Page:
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Wicked Fantasy Factory #1: Rumble in the Wizard's Tower $6.99
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Wicked Fantasy Factory #1: Rumble in the Wizard\'s Tower
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Wicked Fantasy Factory #1: Rumble in the Wizard's Tower
Publisher: Goodman Games
by Bram N. [Verified Purchaser]
Date Added: 10/15/2007 12:15:57

Absolutly amazing. Will keep buying from these guys

[5 of 5 Stars!]
Wicked Fantasy Factory #1: Rumble in the Wizard's Tower
Publisher: Goodman Games
by Shane O. [Featured Reviewer]
Date Added: 05/24/2007 00:00:00

Wicked Fantasy Factory #1: Rumble in the Wizard's Tower is a d20 Fantasy adventure published by Goodman Games. The zipped file is almost twelve megabytes in size, and contains a single PDF (as well as an interface for Mac operating systems). The PDF is thirty-six pages long, including a front and back cover, two pages of maps, a page for the credits, and one page with both ads and the OGL. The PDF has full bookmarks.

Rumble in the Wizard's Tower has a fairly generous amount of artwork. The two covers are both presented in luxurious full color, with the effect that both covers appear to have been splattered with blood. Likewise, the two maps of the tower receive the same color treatment, and have markings on them denoting what kind of encounter you can expect in each area. The rest of the product is in black and white, with a picture showing up every several pages. Page borders are along the bottom of each page, and alternate on the left and right sides of pages as well. There is no printer-friendly version, so printing this out might take a toll on your printer.

As the first in the Wicked Fantasy Factory line of adventures, this isn't so much d20 Fantasy as it is d20 Fantasy Xtreme. For those who don't know, Wicked Fantasy Factory adventures are made to appeal to people who like games in the style of God of War, where you decimate everything you meet, performing killer finishing moves, annihilating bosses, and collecting phat lewt. This adventure presents quite a few new rules for all of that and more.

After presenting the adventure background, the product moves right on to the good stuff. It gives rules for your character developing a finishing move (which can possibly finish off an enemy in a single blow, but if it fails, means you wasted a round), rules on fighting mooks (so you can mow through them like grass), and boss encounters (these are the guys who never go down easy). It also introduces the E-Z stat blocks. E-Z stat blocks only have the simplest information, basically the attack and defense stats, and are given for minor characters. Of course, full stat blocks are given too, but you likely won't need to know a mook???s Charisma, right?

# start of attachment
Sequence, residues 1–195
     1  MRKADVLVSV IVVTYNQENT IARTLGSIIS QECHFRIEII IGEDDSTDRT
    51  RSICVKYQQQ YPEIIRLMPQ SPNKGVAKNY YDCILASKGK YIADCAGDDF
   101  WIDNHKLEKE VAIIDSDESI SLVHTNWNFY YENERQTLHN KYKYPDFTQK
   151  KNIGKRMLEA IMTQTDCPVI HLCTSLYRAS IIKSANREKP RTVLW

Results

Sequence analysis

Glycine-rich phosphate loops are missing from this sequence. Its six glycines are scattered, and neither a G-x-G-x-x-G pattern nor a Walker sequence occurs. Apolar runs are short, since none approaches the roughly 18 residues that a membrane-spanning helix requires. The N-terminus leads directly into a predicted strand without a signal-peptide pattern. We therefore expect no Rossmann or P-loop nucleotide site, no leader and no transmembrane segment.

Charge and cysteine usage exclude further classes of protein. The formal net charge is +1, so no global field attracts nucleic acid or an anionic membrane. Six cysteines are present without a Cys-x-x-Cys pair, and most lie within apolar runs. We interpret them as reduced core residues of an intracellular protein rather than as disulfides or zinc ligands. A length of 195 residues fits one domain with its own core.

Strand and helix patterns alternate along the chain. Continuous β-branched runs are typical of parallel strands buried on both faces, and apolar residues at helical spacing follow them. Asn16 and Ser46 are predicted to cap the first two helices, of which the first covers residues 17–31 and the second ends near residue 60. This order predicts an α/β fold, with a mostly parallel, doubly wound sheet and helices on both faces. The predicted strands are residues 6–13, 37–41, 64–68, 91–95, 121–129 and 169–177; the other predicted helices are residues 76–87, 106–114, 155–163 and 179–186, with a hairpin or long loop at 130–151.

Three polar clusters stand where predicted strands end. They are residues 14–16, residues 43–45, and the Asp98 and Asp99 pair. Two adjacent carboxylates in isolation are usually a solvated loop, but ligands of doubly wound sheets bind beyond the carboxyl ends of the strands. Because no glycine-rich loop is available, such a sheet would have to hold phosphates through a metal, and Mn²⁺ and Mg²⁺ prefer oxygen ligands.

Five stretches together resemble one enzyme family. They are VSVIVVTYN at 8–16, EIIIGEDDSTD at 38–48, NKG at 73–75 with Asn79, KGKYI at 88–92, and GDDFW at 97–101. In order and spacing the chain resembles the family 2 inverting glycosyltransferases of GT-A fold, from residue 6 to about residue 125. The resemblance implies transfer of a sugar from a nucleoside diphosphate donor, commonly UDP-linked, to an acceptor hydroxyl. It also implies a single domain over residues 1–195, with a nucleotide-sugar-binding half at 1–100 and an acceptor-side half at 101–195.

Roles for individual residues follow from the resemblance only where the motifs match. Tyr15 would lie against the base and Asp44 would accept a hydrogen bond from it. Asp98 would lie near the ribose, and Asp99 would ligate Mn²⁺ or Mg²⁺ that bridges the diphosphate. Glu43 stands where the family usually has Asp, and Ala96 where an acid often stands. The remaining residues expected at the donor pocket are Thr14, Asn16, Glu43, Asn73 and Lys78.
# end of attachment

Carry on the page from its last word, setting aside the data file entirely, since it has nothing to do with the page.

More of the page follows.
The adventure itself is fairly simple. The evil wizard Valdeez is in his tower, preparing to unleash a war effort on nearby countries, having already kidnapped a princess. The PCs, for whatever reason (several adventure hooks are given) need to kick in the door and kick some serious butt to put a stop to Valdeez's evil ambitions. Oh, and don't worry too much about rescuing the princess either, she???s gone to the dark side.

To spice things up, Valdeez has captured an outsider known as a ternion (no stats are given), which has power over time. Periodically throughout the adventure, the ternion will affect time for either the PCs or their foes, sending them into what is essentially bullet time, which gives them a variety of bonuses. At the end of the adventure, the PCs gain the ability to permanently call on this (though only once a week), ensuring your characters will be able to use it over and over.

The adventure itself doesn't pull any punches either. Despite the fact that your characters are first level, you???ll be facing everything from a ghost to a hydra in this adventure, to say nothing of the hordes of mooks that stand between you and the big bad evil guy at the end. Even though this is a kick butt and take names adventure, smart players will figure out how to avoid the toughest challenges. And of course, as with all WFF adventures, there's an instance of phat lewt here; a treasure thats worth the same amount as all the rest of the treasure in the adventure combined.